The executive committee of McLean Savings and Loan is consulting with the Federal Home Loan Bank Board to determine the future of the head of its mortgage banking subsidiary, who faces civil charges of negligence in the failure of a Rockville savings institution.

Robert N. Reeves, who is head of McLean Financial Corp., was president of County Federal Savings and Loan Association of Rockville when it failed in 1981. County was later absorbed by Metropolitan Federal Savings and Loan.

Reeves and 19 other former directors, officers and employes of County have been charged with violating various banking laws and regulations in the failure of County Federal. The charges were brought by the Federal Savings and Loan Insurance Corp., which arranged the merger with Metropolitan Federal and suffered losses of $21 million in the process. The FSLIC operates under the direction of the Bank Board.

John E. Harn II, executive vice president of McLean Savings, said yesterday in an interview the committee was prepared to follow the Bank Board's suggestions on whether or not to remove Reeves from his post until the suit is settled.

Bank Board lawyers declined to discuss the case, although deputy general counsel Ralph Christy said that the civil action alone would not bar a person from continuing in the same business.

The government is suing the former County officers, directors and employes to recoup the $21 million, plus $5 million in punitive damages. It charges, among other things, that the officers made risky loans to construction companies, covered them up with false reports to regulators, and received excessive bonuses. It alleges that Reeves, Thomas J. O'Halloran Jr., County's executive vice president and chief loan officer, and others committed civil fraud by making payments to contractors for work they knew had not been done.

O'Halloran, who was accused by the FSLIC of diverting business from County's service corporation to his own real estate appraisal firm, does appraisals for McLean Financial Corp. However, he is not an employe, Harn said.

Reeves was out of town yesterday and could not be reached for comment. O'Halloran did not return a reporter's call.

Prior to County's failure, Reeves and two partners approached McLean Savings with a proposal to set up a mortgage banking subsidiary, Harn said. McLean Financial Corp. was incorporated in July 1981 with Reeves and the partners as 49 percent stockholders.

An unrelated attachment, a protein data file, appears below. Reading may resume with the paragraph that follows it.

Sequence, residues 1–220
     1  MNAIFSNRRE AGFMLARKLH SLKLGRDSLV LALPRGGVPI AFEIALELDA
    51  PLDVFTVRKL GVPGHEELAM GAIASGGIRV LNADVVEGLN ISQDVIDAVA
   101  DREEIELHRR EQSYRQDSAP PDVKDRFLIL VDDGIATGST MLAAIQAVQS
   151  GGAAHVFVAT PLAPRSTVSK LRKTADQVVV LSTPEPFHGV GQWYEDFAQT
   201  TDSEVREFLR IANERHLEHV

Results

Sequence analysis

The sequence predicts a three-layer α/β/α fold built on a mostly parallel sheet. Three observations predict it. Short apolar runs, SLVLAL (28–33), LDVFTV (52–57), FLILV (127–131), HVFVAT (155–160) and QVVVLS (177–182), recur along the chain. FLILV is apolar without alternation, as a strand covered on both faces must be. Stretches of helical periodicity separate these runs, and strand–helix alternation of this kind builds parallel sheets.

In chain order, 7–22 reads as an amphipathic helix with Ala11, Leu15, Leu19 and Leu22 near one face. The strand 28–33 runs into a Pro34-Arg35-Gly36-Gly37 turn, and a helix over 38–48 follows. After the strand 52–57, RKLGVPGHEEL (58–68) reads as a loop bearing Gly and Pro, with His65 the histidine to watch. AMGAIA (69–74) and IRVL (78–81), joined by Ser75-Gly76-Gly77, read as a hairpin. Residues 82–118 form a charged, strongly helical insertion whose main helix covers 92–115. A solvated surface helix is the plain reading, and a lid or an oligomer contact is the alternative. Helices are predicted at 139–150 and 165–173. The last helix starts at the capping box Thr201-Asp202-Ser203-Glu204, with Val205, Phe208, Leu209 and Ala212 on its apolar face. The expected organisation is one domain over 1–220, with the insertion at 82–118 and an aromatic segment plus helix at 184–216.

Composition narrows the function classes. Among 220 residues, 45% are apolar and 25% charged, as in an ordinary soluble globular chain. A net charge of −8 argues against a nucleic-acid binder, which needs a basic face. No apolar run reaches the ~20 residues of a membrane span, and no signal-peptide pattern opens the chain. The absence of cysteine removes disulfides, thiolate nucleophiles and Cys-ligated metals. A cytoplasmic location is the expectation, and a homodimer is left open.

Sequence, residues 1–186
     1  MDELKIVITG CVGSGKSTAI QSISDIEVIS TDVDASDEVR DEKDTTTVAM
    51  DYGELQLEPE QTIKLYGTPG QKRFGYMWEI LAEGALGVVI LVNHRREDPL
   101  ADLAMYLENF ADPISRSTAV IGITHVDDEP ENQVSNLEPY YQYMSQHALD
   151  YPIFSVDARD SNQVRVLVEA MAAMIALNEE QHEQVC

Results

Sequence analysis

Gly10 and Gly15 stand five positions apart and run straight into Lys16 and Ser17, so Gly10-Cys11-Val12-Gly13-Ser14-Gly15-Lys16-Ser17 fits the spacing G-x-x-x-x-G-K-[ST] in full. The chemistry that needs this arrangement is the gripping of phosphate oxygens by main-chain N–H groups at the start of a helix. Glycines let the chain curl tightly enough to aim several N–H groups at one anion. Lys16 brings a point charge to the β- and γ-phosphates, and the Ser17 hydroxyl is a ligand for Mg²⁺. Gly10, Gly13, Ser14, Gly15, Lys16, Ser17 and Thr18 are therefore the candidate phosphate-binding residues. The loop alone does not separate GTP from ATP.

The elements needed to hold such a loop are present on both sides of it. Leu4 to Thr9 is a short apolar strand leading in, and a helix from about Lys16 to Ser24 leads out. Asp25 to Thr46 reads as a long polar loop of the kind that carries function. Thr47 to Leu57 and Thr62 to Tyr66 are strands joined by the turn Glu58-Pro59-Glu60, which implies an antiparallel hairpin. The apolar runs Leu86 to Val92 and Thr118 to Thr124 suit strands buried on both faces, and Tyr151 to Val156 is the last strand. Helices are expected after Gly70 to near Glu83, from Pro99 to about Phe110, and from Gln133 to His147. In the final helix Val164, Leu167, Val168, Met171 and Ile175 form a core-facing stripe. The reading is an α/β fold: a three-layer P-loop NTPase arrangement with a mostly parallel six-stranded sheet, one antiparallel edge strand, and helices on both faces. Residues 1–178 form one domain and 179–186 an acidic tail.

Harn said yesterday that approval for the venture was given only after he and the other executive committee members had consulted with Metropolitan Federal and the Bank Board. He said the terms were that McLean Savings would retain control of the subsidiary, would have legal counsel review its transactions and would permit no speculation in the mortgage market. All of the subsidiary's directors are also directors of McLean Savings, except for Reeves.

McLean Financial has gained a reputation as an aggressive lender, according to the Mortgage Bankers Association. It operates in 40 states, making loans to homebuyers and selling them to investors. Its activities are separate from those of McLean Savings, except that the S&L warehouses the loans until they can be sold.

McLean Financial's loan volume has soared. During the month of October, for example, it increased 150 percent to $75 million, according to the Wall Street Journal. McLean Financial was offering intermediate-term mortgage loans at lower than market rates. Executive vice president Frank Howard was quoted as saying investors liked to buy this type of loan because, despite the lower yields, they got their money back more quickly for reinvestment.

"As a group they have a good handle on that kind of business," said Harn, speaking of Reeves and his partners. In fact, he added, their activities caused the parent company's profits to quadruple--rather than just double--in the past year.

The suit against Reeves would not jeopardize the financial condition of McLean Financial, he said.